I spoke too soon
Yesterday I said that Tony McNulty’s response to the TUC’s call for a modest rise in JSA had gone unreported.
But readers of the Sun and Daily Mail were treated to an extended version – which while only quoting “a source” used identical language.
The Mail says:
“The biggest crackdown on unemployment benefits for more than a decade is being planned by ministers”
Of course it isn’t. Welfare reform ministers love to brief modest changes in benefit rules to the right-wing press as ‘crackdowns’, ‘shake-ups’ and ‘new wars on scroungers’. It does not mean that they are, but while not living up to its billing this looks both impractical and reactionary.
What appears to be happening is that new claimants will now face a job-focused interview after six weeks rather than 13. This is the stage when the unemployed have to accept any job, rather than one related to their skills and experience, or start facing sanctions.
The unemployed will also have to sign on weekly, rather than fortnightly.
There must be doubts whether this is achievable. Job Centre Plus has targets for cutting staff. Unemployment is going up by 1,500 a day. Staff will struggle to cope with 13 week interviews, and have already relaxed the fortnightly signing-on requirement in some areas, or so I have heard.
But is also a very strange policy.
Getting a quicker in-depth interview with a Job Centre Plus adviser may well be a good thing. At the moment people get little help in the first 13 weeks – and indeed when times are better many will get a new job in that period.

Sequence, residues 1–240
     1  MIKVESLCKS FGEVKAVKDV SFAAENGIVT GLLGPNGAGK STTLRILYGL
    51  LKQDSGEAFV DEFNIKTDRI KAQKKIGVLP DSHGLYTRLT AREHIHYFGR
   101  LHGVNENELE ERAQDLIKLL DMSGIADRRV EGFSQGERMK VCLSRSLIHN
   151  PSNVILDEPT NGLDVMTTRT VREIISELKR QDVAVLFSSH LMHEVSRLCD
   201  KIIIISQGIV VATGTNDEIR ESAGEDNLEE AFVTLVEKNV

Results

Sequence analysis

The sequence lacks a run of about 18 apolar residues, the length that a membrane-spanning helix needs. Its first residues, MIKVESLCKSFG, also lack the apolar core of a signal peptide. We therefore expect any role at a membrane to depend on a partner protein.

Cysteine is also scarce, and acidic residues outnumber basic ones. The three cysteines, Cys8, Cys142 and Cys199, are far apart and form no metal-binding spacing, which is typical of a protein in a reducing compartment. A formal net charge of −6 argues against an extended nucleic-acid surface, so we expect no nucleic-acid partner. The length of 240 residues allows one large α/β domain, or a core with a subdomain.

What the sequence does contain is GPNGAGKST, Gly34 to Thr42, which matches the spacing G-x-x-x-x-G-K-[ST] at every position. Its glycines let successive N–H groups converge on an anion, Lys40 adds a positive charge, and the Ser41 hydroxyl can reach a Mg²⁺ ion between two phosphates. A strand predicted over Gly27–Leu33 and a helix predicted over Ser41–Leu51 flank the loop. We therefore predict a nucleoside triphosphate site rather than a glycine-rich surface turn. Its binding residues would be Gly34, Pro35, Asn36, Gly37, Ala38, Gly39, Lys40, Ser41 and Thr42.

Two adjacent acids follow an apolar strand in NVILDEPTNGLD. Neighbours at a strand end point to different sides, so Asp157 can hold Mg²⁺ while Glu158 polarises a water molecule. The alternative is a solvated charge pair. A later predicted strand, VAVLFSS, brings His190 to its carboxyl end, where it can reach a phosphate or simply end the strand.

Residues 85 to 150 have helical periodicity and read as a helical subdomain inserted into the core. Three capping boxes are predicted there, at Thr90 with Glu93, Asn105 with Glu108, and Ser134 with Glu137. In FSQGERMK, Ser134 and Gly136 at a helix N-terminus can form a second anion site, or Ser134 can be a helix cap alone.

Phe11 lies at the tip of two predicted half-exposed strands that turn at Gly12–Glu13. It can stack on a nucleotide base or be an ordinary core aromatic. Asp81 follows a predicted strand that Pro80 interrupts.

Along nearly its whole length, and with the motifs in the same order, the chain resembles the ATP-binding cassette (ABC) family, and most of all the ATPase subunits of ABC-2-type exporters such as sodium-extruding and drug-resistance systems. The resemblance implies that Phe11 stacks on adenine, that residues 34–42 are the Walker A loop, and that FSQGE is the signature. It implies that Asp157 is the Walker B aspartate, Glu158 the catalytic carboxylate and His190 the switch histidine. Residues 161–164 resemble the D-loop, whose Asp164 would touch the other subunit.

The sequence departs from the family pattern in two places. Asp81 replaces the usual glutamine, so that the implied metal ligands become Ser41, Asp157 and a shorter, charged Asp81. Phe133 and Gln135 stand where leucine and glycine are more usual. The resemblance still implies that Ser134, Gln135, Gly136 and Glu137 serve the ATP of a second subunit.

But when it is getting harder and harder to find a job, it makes no sense to shorten the time people have to find a job that uses their talents properly before they are forced to take minimum wage jobs – and anyway there will be fewer of them around too. An early interview would be better used to provide support and help in getting a suitable job, perhaps by identifying good training.
No doubt readers of the Sun and the Mail have bought into the idea these papers (and too often ministers) have peddled that everyone could get a job if they wanted and the only barriers are workshy attitudes, a cushy benefit system and – at their few liberal moments – possibly a lack of skills.
But now it is precisely those Sun and Mail (and Mirror and Metro for that matter) readers who are losing their jobs. Of course people who cheat the benefit system should get their come-uppance, but not even Mail writers will be able to argue that Britain has had a sudden increase in scroungers when unemployment passes the two million mark as it undoubtedly will.
There is good work being done by ministers to genuinely help the unemployed. But it’s about time they got the message that the debate has moved on. We need a war on unemployment, not the unemployed.